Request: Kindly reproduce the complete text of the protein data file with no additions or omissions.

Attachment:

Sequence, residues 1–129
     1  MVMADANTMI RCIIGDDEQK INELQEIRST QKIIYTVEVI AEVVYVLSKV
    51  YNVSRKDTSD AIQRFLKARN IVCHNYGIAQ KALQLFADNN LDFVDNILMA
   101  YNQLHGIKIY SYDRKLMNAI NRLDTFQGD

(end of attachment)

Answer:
Sequence, residues 1–129
     1  MVMADANTMI RCIIGDDEQK INELQEIRST QKIIYTVEVI AEVVYVLSKV
    51  YNVSRKDTSD AIQRFLKARN IVCHNYGIAQ KALQLFADNN LDFVDNILMA
   101  YNQLHGIKIY SYDRKLMNAI NRLDTFQGD